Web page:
A torpedo, a view from the Liberty tower, one of the sphinxes on the property, a hall full of paintings, a real plane from the war, trench and war replicas, the Liberty Tower, the city’s skyline from 217 feet, a revolver, and the Tower again.
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Browsing ktravula – a travelogue! blog archives for November, 2010.
There is soooooooooo much to see at the World War I museum in Kansas City (MO). It is an enormous research institution and monument to one of the most brutal wars the world had ever seen up until that time. World War I was so large it was called “The war to end all wars.” Thus was the level of sophistication that went into its execution, thebrutality of its reality, and the great number of its casualties, the long period of time it took before the guns fell silent, and the implications it had for future wars that have taken place since then.
The World War I memorial is as equally intimidating in size, scope and content. It contains real artifacts of the war: guns, cannons, flags, uniforms, knifes, bayonets, boots, hats, torpedoes, bombs, grenades, canteens, airplanes and numerous flash presentations of the war casualties, fronts, progress and dates. There was also a film show of the situations that led to the war itself, from the Industrial Revolution to the killing of the successor to the Austria-Hungarian throne Archduke Franz Ferdinand. On walls and under the sole of our feet, beneath glass flooring, are so many several other markers from the great war – along with pictures of soldiers from all parts of the world who enlisted in defense of their colonial masters. That includes soldiers from the British colonies in India and much of Africa, including Nigeria.
Outside the large expansive building that houses the artifacts is a 217-foot statue which provides a view of the city. The Museum, also called the Liberty Memorial was opened and dedicated on November 11, 1926. It was named a US Historic Landmark in December 2006. It would be impossible to visit the facility without leaving with a profound appreciation of the power of history to move and to greatly affect. I had a renewed appreciation for the situation of the world before the great war, and added so much to my knowledge while musing on the fact that less than three decades later, the world was entangled in another world war that would change the world or the concept of war forever.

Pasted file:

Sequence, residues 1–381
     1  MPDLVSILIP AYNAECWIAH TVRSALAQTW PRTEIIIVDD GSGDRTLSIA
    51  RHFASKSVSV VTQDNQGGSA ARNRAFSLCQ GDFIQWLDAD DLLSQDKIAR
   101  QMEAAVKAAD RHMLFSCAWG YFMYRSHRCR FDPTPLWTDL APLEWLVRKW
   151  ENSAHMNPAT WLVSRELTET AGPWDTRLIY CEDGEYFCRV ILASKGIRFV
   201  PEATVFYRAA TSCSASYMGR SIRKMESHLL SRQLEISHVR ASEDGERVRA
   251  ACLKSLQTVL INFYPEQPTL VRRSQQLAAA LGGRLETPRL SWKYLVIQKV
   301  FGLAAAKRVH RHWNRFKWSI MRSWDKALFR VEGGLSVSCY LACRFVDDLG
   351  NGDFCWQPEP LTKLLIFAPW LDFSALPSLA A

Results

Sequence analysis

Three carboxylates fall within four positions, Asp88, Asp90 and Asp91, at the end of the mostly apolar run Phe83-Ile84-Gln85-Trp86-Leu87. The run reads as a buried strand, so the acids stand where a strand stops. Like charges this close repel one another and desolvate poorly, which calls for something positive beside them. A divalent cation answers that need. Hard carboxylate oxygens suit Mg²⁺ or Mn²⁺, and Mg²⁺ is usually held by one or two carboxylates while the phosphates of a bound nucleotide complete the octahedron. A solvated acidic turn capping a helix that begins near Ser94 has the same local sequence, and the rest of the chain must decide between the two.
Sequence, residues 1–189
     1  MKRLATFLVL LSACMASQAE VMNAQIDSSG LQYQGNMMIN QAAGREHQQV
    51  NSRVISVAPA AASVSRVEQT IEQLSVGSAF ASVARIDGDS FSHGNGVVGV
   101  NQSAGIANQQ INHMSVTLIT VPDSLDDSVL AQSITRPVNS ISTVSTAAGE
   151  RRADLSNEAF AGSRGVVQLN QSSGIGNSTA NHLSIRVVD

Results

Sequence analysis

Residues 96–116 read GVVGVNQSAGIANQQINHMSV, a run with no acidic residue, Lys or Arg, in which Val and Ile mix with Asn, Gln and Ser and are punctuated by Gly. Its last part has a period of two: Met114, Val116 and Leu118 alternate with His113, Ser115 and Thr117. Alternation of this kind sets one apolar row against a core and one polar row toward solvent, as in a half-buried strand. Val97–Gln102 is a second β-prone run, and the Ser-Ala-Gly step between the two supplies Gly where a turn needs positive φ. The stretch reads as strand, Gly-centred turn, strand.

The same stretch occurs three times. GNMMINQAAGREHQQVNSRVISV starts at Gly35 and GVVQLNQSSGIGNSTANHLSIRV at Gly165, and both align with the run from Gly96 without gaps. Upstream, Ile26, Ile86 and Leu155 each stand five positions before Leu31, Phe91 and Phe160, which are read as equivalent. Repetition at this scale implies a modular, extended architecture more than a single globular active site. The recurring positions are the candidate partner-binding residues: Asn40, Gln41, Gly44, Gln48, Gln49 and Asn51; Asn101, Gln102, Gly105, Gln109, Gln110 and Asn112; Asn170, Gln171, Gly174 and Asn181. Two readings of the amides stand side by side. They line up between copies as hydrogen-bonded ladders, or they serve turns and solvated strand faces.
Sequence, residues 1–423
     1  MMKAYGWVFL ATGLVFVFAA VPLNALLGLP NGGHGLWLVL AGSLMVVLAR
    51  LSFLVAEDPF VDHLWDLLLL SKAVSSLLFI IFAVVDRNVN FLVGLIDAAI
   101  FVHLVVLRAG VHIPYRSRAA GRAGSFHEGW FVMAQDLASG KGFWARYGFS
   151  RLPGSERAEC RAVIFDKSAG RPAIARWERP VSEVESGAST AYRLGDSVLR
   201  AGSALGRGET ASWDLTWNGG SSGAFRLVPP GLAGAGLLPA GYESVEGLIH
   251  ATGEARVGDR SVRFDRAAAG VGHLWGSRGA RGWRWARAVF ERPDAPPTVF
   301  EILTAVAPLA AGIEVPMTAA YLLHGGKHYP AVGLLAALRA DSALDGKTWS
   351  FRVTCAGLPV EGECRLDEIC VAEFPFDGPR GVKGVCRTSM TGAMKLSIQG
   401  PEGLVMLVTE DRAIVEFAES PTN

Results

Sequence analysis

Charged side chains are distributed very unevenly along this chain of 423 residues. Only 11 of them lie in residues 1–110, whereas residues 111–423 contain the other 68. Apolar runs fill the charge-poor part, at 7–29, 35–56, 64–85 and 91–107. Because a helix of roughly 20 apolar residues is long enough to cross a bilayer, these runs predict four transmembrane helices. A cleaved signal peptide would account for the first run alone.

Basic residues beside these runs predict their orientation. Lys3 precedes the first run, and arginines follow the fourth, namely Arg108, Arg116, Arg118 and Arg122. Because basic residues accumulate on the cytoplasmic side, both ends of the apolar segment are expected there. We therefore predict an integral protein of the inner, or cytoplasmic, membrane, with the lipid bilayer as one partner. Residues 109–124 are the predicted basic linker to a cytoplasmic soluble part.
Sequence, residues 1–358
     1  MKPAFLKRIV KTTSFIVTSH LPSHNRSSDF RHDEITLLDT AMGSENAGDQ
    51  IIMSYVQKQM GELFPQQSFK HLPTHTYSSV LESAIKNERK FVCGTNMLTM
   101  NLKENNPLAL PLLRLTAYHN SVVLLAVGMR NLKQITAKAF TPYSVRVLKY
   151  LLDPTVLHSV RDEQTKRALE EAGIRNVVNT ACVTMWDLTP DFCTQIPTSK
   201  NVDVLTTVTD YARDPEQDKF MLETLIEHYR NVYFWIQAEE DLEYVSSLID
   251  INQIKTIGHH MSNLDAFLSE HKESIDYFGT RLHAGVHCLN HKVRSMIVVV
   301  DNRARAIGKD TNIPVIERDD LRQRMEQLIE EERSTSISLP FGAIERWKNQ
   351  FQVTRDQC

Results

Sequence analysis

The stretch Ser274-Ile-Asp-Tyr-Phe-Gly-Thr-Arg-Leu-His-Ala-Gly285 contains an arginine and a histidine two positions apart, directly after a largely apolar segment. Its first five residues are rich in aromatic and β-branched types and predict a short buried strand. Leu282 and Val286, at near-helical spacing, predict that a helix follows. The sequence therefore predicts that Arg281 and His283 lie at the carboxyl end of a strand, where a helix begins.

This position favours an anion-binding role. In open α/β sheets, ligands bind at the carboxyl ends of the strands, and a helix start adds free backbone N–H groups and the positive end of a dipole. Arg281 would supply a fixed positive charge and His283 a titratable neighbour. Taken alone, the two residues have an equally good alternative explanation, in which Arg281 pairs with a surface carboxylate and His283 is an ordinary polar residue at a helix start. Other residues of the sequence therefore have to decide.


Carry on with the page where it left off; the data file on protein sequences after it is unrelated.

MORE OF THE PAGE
A premier screening of a film at the museum theatre about the life of the 5000 “Polar Bear” soldiers of the United States who had been left stranded in Russia after being sent to fight the Bolsheviks would make it all even more worth it. It was being screened for free to members of the press and the public. Think the US never invaded Russia? Think again. It was the first time the story of those small group of soldiers in the war was being told in film and exhibition, and we were there to see it, and listen to the producer, director, and some of the actors talk about their influences and motivations. Harold Gunnes, the last surviving members of that American unit (was born in 1899), died on March 11, 2003. According to Wikipedia, he was believed to have been the last living American to have fought in the Allied Intervention near the port of Arkhangelsk on the White Sea.